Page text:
Racking up their worst record in 14 years, U.S. employers dumped 180,000 workers during the first two months of this year, the largest number during that two-month stretch since 2009. Wonder why the Silicon Valley Bank went bust? Tech companies accounted for about a third of the jobs erased, according to a new report from...
Category: TRENDS ON THE U.S. ECONOMIC FRONT – Mar 14 2023
U.S. ECONOMY SPROUTS JOBS WHILE LAYOFF’S RISE?
U.S. nonfarm payrolls added 311,000 more workers last month as the unemployment rate edged up from 3.4 percent to 3.6 percent because more people ages 25 to 54 were actively looking for work, the Bureau of Labor Statistics reported.
MEXICO’S CURRENCY IS YEAR’S TOP PERFORMER
The Mexican peso has gained 8.5 percent this year as of last week and was trading at less than 18 to the dollar, making it this year’s top-performing currency, according to the Financial Times.
THE FED’S DEBATE: HOW BIG A RATE HIKE?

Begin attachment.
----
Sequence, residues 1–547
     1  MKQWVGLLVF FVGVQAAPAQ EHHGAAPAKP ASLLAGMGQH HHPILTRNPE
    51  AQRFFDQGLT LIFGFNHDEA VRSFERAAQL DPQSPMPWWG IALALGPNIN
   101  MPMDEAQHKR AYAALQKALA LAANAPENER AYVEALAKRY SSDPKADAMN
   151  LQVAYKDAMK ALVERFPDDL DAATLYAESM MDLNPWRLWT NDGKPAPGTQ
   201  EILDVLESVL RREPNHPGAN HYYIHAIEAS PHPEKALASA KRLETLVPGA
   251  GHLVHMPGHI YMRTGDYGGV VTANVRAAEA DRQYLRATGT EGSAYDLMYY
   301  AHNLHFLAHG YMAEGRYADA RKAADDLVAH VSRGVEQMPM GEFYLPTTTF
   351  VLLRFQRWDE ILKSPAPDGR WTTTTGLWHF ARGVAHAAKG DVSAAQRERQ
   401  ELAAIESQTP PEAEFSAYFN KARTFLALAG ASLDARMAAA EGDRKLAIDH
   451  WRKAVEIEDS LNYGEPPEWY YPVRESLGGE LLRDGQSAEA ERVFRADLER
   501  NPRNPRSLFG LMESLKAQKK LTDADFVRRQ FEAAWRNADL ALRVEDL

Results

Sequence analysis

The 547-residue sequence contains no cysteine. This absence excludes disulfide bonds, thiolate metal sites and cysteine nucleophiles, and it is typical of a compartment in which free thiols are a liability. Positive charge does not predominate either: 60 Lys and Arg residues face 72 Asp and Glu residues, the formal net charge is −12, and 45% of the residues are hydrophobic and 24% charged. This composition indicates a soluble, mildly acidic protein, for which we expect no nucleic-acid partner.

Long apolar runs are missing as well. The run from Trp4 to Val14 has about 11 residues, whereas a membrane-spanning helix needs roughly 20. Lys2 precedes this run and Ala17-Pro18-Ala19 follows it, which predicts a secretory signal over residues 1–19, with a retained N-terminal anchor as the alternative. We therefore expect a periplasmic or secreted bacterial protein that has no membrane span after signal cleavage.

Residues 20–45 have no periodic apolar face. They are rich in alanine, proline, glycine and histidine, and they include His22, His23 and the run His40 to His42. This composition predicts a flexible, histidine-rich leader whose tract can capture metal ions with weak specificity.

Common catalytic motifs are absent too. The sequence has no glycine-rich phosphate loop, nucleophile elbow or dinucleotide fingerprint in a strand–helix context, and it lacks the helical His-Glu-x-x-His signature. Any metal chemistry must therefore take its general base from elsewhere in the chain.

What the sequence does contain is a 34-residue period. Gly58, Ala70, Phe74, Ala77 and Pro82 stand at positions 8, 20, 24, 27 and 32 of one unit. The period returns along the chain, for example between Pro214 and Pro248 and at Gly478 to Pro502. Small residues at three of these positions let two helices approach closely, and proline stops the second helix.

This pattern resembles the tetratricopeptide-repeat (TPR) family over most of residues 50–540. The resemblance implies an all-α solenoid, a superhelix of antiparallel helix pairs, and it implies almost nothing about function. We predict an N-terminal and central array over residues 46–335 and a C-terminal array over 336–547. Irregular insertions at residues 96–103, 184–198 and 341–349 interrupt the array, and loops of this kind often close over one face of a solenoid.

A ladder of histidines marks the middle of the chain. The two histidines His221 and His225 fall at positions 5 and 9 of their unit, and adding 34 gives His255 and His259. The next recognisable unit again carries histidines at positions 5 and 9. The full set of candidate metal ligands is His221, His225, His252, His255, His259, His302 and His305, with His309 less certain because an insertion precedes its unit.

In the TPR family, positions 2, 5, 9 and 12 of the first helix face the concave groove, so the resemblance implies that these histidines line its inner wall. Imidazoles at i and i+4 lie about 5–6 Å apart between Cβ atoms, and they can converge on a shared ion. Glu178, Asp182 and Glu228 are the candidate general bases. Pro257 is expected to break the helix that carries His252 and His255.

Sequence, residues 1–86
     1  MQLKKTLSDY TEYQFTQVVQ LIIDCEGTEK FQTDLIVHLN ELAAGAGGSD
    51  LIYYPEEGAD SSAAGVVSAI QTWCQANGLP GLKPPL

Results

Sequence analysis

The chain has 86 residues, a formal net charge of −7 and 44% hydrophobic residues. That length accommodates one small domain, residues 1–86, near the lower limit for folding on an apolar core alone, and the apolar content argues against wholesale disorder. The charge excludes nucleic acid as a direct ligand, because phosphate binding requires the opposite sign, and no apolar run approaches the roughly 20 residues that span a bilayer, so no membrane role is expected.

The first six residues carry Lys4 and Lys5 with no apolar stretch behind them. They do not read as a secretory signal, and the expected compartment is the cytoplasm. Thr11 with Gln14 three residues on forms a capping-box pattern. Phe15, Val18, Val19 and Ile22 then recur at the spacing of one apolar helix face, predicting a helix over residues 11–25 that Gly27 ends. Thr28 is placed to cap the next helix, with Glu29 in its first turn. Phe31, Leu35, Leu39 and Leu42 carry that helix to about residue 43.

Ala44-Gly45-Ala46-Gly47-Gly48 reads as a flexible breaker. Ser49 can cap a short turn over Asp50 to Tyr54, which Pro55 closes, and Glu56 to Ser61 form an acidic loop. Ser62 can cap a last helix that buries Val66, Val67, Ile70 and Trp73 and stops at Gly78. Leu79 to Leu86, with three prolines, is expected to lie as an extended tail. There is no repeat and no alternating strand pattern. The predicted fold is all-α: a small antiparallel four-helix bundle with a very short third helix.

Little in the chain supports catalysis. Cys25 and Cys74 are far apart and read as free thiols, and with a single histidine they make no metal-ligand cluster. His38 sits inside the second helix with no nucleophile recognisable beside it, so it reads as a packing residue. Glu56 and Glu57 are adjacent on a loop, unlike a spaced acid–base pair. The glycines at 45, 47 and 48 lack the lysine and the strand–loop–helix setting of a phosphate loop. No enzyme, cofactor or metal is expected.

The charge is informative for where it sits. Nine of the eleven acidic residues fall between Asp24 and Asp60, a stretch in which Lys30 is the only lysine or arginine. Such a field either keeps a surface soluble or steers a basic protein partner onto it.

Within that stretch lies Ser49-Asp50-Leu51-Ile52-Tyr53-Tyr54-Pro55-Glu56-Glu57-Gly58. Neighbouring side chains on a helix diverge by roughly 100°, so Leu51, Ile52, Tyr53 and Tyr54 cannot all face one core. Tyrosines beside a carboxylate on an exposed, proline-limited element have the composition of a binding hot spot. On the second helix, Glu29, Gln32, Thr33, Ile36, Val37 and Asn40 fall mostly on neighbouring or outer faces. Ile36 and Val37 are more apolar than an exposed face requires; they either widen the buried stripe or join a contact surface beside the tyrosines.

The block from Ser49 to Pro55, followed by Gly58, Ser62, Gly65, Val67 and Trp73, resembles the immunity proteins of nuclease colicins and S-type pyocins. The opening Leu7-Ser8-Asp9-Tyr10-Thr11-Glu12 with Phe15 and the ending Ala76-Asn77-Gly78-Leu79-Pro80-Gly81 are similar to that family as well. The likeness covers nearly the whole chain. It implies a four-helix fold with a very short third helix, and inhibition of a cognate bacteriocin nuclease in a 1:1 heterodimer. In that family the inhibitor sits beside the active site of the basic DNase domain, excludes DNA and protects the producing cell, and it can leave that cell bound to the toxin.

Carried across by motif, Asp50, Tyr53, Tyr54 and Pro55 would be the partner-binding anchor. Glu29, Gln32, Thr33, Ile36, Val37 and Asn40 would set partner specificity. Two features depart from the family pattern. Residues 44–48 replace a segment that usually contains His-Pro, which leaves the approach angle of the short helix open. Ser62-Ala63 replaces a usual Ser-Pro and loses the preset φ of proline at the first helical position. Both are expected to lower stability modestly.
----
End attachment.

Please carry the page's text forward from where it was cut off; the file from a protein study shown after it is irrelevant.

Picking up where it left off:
Analysts had been leaning toward the idea that the U.S. Federal Reserve would raise its key federal funds interest rate a half point at next week’s meeting to tamp down a jobs market that added a surprising 311,000 jobs in February as more people returned to the labor market.
U.S. YIELD INVERSION SETS 42-YEAR RECORD. IS RECESSION IMMINENT?
After U.S. Federal Reserve chair Jerome Powell testified before Congress last week, the U.S. yield curve reached its deepest inversion since 1981.
BOND MARKETS BRACE FOR GLOBALLY HIGHER INTEREST RATES
Bond markets began the year betting that the world’s central banks would soon pause their campaigns of interest rate hikes and begin cutting their rates later this year.
ECONOMIC UPDATE – MARKET OVERVIEW
As forecast last month, we warned Trends Journal subscribers to prepare for an equity market crash.
SPECIAL REPORT: THE BANKSTER BUST. “DOT-COM THIS”
Silicon Valley Bank (SVB), a 40-year-old bank specializing in services to tech start-ups, entrepreneurs, and venture capital firms was shut down by federal regulators on 10 March after depositors pulled their money out in an old-style run on the bank.